Should women carb load before a long ride?

We hear the term carb loading quite a bit in cycling, but should we be doing it too?

I've had a great question asked in my inbox this week:

"I've got a long group ride this weekend which I’ve been looking forward to as part of my training. I'm currently day 2/3 of my bleed. And it’s a heavy one….. Recently I’m bleeding quite heavily for a good 5 -6 days.
So I really want to get the nutrition right to avoid hitting the wall!
What should I be eating/drinking over the next 1-2 days (if carb-loading isn’t ideal) specifically for this point of my menstrual cycle?"

This is a brilliant question!

Absolutely, carb loading just doesn't work for women. The protocol was developed through testing on male cohorts. Our female sex hormones mean we metabolise carbohydrates differently. Where women say it does work for them, they were more likely in calorie deficit and they just felt better for eating.

Ok, so, ALWAYS, you need to make sure you are fuelling any activities you do in the week. This means consuming enough calories for your basic bodily functions (approx 1200-1500kcal), your normal daily activities (200-600kcal), plus enough to cover calories burned during exercise (use a heartrate monitor for an estimate of calories burned on the app or device you use to record your workouts and rides). You've heard me say this 100 times already, QUALITY protein (Becca 😉💪🏽) is essential for making real progress, supporting your training, aid recovery, and maintaining muscle mass as we get older. This should be around 30g per meal and after training, or 40g if you are Peri or Post Menopausal.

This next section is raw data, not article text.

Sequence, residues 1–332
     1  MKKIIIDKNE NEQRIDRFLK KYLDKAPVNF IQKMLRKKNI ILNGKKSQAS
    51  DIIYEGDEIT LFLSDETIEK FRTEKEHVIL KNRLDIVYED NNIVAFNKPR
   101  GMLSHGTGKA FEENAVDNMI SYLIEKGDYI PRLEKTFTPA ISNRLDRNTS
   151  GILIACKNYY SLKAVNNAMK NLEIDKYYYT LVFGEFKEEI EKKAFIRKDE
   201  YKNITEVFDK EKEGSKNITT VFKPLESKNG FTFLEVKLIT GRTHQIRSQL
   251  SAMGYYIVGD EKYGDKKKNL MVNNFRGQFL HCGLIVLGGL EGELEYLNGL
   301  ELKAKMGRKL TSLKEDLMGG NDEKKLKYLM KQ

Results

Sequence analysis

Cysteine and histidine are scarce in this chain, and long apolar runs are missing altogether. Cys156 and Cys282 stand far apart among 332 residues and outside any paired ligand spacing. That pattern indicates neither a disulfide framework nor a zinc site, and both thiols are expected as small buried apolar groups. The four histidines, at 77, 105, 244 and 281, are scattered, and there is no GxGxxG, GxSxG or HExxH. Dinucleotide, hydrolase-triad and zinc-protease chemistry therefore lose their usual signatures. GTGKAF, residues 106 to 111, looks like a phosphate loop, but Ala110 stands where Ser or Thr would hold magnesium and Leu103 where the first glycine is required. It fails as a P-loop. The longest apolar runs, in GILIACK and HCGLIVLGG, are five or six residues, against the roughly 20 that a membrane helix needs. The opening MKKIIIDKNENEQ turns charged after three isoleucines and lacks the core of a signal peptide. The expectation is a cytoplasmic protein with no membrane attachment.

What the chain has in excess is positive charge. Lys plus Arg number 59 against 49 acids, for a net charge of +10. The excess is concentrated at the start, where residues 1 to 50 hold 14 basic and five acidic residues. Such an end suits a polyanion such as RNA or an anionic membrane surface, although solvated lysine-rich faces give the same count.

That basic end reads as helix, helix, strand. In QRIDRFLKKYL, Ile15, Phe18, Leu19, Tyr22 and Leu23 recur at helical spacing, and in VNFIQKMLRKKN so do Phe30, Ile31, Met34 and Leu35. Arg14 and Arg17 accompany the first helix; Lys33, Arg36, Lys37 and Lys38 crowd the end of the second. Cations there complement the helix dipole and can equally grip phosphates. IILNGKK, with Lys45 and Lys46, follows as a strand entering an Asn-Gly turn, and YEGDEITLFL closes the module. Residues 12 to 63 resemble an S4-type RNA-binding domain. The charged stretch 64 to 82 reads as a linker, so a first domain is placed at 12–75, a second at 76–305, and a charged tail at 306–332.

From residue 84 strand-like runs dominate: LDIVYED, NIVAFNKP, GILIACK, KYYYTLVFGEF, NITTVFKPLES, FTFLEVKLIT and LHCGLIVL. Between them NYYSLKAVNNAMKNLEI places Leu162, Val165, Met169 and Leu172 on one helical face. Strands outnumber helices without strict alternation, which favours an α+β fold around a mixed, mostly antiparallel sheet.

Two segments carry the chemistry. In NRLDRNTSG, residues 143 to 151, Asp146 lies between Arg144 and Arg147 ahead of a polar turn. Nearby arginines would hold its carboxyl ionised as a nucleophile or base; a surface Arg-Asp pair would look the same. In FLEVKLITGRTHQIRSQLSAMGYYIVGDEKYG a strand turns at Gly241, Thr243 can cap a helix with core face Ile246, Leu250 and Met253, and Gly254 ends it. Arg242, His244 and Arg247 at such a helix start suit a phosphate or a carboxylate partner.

Stay hydrated with a minimum of 2 litres a day, PLUS about 500ml per hour of moderate to hard exercise.

This should be what you are doing all the time anyway. It doesn't need to be very different before a long ride. You could possibly drink a little more, especially during the summer, but it is also possible to overhydrate.
When you start menstruating you enter the Follicular Phase of your cycle. During these 1 to 2 weeks you are a little more reliant on carbohydrates for energy. This doesn't mean reaching for the gels or energy drinks! Still opt for real food energy sources, on and off the bike, just have a little more than you do in the Luteal phase, the 1 to 2 weeks before your bleed starts, where you are better at using lipids (fat) for energy.

I guess fluid requirements maybe affected by a heavy bleed too, and the extra carbs will need a little extra fluid to digest, so, yes, ensure you keep on top of your hydration.

This will be a great opportunity for you be more mindful of what you're eating and drinking, and reflect on what worked and didn't work. If you get home and find you need to eat everything in the kitchen that doesn't need cooking, then that's a sure sign you didn't eat enough. Another sign you didn't eat enough is a slow recovery. If you are still fatigued 24 to 48 hours later, you may have spent to long in calorie deficit and hampered your recovery. If you get to the end of the ride and realise you've not needed to use the toilet at all, there's the sign that you didn't drink enough. Urine colour may not be a good indicator, as it can be affected by vitamin and other supplements, as well as what you've eaten.

Here's you homework for this week 😉 Take a listen to this podcast with Dr Stacy Sims.